"When We Are in Need" is the eighth episode of the American post-apocalyptic drama television series The Last of Us. The episode was written by series co-creator Craig Mazin and directed by Ali Abbasi. It aired on HBO on March 5, 2023. In the episode, Ellie (Bella Ramsey) attempts to protect Joel (Pedro Pascal). She encounters a group of survivors led by a preacher, David (Scott Shepherd), who wants vengeance against Joel and shows interest in Ellie.
The episode was filmed in February 2022 in Calgary, Alberta. Troy Baker, who portrayed Joel in the video games on which the series is based, guest starred as James; co-creators Mazin and Neil Druckmann considered his inclusion important due to his proximity to the games. The episode received positive reviews, with praise for its direction, cinematography, and performances of Ramsey and Shepherd, though some critics found its pacing rushed. It was watched by 8.1 million viewers on its first day. Ramsey is nominated for Lead Actress in a Drama Series at the 75th Primetime Emmy Awards for their performance in the episode.
After discovering Joel's wound is infected, Ellie ventures out to find food. While hunting a deer, she encounters David and James. She makes a deal to trade the deer for penicillin, which James returns to camp to obtain. Meanwhile, David, a preacher, explains he was a teacher, and found God after the outbreak and is now the leader of a group of survivors. He reveals the man who stabbed—and was subsequently killed by—Joel was a member of his group. Ellie runs away after James gives her the penicillin under David's orders.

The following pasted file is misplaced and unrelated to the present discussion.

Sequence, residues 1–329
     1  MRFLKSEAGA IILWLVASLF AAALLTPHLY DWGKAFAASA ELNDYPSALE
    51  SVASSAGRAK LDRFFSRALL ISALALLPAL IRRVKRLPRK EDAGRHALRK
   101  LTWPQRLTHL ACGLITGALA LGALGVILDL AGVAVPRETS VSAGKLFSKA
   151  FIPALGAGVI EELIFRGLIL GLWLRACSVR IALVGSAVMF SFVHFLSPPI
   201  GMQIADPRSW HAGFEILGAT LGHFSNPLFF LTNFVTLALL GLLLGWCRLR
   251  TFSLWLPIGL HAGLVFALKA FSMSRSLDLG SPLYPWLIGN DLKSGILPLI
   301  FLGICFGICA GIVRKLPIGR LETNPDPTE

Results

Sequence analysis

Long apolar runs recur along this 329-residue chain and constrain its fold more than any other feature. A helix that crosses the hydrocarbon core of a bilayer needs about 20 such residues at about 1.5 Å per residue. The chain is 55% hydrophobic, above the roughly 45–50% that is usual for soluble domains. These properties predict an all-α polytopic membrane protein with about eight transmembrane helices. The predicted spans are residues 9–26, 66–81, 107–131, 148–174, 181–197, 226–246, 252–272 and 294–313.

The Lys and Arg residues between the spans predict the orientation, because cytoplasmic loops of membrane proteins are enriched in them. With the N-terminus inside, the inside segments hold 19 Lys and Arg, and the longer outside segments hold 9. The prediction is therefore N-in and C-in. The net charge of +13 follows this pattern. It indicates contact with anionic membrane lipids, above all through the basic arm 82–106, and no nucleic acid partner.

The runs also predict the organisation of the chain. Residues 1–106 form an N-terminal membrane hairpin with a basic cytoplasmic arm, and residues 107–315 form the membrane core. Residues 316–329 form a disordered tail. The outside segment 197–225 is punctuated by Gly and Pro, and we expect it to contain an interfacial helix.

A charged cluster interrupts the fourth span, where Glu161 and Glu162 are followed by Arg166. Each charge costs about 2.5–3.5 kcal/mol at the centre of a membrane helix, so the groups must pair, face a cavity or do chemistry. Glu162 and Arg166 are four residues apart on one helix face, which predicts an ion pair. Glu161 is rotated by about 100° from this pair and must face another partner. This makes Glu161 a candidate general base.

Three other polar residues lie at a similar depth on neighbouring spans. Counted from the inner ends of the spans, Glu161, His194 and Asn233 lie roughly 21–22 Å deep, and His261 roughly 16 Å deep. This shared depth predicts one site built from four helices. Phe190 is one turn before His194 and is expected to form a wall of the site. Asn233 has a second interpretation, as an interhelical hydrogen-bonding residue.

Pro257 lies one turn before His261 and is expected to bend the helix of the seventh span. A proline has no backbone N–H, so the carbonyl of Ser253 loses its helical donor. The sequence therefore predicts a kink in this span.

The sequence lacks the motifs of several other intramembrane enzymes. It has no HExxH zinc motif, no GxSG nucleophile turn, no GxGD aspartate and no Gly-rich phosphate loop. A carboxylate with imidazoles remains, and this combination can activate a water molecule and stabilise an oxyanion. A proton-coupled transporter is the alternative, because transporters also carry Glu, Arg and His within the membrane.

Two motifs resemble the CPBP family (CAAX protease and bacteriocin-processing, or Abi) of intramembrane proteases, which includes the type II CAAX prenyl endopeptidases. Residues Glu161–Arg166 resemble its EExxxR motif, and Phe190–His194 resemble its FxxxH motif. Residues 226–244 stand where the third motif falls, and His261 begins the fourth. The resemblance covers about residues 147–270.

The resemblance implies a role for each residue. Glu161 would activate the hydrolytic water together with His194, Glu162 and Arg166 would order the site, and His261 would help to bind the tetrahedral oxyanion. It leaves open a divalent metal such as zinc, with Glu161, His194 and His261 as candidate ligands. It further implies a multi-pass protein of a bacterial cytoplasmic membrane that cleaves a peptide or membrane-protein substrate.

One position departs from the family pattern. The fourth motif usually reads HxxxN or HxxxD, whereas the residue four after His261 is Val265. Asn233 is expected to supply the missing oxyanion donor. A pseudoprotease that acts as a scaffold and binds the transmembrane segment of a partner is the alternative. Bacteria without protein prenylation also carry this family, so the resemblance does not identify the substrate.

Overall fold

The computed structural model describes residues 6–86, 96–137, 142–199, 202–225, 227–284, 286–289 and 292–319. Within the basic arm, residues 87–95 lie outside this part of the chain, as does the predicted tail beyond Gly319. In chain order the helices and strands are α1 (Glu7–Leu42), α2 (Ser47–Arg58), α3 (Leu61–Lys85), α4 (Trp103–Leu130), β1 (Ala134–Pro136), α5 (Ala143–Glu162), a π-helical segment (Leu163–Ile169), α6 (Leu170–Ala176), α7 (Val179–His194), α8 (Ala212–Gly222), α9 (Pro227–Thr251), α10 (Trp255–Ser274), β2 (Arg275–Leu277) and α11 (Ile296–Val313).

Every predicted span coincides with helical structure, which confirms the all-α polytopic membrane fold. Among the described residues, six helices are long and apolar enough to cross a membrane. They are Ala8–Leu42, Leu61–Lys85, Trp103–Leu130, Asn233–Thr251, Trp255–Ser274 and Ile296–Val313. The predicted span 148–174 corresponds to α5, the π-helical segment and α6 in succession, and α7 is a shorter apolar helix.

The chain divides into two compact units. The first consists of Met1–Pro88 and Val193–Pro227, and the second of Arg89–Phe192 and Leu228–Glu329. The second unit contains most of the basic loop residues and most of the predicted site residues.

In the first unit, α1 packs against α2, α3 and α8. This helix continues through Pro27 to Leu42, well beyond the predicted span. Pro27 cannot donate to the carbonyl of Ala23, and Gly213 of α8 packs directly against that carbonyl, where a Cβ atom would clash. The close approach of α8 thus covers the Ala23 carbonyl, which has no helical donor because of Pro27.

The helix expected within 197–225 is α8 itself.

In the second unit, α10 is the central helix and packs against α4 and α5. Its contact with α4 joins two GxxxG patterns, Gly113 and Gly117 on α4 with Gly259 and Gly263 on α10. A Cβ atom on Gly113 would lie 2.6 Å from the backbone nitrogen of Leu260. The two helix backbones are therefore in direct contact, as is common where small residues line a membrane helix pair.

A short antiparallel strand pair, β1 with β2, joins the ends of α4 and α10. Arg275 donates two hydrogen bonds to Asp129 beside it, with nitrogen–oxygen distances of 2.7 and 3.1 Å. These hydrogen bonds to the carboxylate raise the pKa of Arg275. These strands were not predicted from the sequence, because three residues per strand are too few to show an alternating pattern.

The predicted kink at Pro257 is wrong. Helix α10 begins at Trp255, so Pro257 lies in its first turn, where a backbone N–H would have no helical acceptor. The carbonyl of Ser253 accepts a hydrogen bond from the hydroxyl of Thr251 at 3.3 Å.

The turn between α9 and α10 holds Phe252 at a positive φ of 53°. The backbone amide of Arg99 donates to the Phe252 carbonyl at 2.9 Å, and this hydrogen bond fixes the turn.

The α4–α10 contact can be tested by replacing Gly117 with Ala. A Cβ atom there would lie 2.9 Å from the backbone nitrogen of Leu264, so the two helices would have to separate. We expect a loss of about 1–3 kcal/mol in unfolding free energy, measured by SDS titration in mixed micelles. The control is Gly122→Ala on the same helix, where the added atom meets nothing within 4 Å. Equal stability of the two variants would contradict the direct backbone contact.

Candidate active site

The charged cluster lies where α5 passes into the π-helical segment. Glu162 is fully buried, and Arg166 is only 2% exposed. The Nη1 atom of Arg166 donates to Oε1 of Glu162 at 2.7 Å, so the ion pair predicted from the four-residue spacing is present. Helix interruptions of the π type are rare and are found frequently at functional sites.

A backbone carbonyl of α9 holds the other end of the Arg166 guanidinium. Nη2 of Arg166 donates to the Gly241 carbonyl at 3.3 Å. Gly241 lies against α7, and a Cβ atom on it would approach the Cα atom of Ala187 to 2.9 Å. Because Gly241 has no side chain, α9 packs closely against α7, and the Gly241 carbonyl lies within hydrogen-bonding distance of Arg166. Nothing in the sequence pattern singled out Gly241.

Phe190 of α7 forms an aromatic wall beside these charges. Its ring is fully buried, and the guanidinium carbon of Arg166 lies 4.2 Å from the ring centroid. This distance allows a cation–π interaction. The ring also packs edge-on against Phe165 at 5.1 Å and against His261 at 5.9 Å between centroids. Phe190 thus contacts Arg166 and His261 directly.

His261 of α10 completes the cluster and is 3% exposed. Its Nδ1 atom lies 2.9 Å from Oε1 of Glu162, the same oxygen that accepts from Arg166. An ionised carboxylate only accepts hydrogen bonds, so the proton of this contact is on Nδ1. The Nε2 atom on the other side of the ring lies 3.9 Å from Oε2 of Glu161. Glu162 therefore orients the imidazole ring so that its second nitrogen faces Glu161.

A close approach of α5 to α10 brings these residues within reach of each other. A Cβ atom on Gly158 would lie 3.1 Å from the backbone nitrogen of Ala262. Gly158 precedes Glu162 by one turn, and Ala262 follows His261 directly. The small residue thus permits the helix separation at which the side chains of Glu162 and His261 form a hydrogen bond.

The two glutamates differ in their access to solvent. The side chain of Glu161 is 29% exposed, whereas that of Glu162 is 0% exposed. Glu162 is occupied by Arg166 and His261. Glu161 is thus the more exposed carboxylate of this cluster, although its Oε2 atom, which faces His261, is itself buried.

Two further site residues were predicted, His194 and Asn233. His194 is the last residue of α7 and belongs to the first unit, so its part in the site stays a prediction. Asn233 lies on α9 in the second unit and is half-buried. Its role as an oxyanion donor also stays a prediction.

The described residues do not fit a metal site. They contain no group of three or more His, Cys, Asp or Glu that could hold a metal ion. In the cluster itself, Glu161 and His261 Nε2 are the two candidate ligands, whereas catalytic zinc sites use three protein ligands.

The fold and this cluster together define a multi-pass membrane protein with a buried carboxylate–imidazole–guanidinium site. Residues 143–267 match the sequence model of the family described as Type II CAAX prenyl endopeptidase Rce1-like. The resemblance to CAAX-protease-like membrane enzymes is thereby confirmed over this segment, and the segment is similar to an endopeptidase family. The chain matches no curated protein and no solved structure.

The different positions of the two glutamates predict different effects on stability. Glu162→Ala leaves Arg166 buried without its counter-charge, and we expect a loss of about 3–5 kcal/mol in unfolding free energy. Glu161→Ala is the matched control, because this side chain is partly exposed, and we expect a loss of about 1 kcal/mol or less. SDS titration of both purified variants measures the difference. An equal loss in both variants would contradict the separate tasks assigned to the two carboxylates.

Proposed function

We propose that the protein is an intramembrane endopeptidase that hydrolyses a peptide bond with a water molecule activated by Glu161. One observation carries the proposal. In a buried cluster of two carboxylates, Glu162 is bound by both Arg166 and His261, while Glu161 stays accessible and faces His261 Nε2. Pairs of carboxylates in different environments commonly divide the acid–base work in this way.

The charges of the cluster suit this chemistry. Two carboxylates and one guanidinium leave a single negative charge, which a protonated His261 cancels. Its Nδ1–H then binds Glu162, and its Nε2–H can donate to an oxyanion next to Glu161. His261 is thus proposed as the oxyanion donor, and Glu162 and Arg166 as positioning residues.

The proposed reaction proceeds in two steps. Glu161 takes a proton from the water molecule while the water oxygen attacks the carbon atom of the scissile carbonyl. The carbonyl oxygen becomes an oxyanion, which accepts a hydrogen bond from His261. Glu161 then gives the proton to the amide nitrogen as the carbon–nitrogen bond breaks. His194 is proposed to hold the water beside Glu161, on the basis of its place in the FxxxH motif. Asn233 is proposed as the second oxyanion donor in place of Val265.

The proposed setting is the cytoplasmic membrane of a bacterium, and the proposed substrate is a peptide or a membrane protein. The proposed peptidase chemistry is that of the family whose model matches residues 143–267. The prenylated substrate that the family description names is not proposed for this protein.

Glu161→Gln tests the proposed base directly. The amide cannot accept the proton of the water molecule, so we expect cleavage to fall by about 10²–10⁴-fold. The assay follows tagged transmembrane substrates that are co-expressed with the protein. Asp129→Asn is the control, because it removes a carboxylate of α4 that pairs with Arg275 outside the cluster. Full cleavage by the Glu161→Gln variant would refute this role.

Ellie returns to Joel and injects him with penicillin. The following day, she spots David and James with a group of men seeking vengeance against Joel. She flees on horseback to draw them away from Joel, but is captured after James shoots and kills her horse. David places her in a cage at his camp. After Ellie notices an ear on the floor, David reveals he has been feeding his group the flesh of their deceased. He tells her he admires her strengths and violence and they could begin a relationship, but she breaks his finger while failing to steal his keys. Meanwhile, Joel awakens and kills one of David's men, then tortures and kills two more to discover Ellie's whereabouts.
Ellie bites David as he and James grab her. Before they can kill her, she tells them she is infected, as proven by her bite mark. While they argue whether it is real, Ellie kills James with a meat cleaver and escapes. As David hunts her, she sets fire to the steakhouse. She stabs him with a kitchen knife, but he overpowers and attempts to rape her. Ellie grabs David's fallen meat cleaver and kills him in a frenzied attack. A traumatized Ellie wanders outside and panics when she runs into Joel. Joel embraces and comforts Ellie and they walk away.
"When We Are in Need" was written by The Last of Us series co-creator Craig Mazin and directed by Ali Abbasi. Abbasi was announced as one of the show's directors in April 2021. Mazin chose to open the episode with David reading Revelation 21 as it relates to the new world exceeding the old one, and dealing with grief and tragedy.: 3:17 The scene in which David and James attempt to kill Ellie was written similarly to the game as Mazin found it "so visceral".: 35:14
The decision to move Joel and Ellie reuniting outside the restaurant (as opposed to inside, as in the game) was partly logical—the fire and lock would have prevented Joel from entering—and partly to demonstrate Ellie's ability to physically save herself before Joel saves her emotionally.: 38:41 Series co-creator Neil Druckmann, who wrote and co-directed the video game on which the series is based, felt the effectiveness of the series—like the game—hinged on the viewer feeling the emotion between Joel and Ellie in the conclusion; he considered it effective, as he cried heavily while watching the episode.: 40:18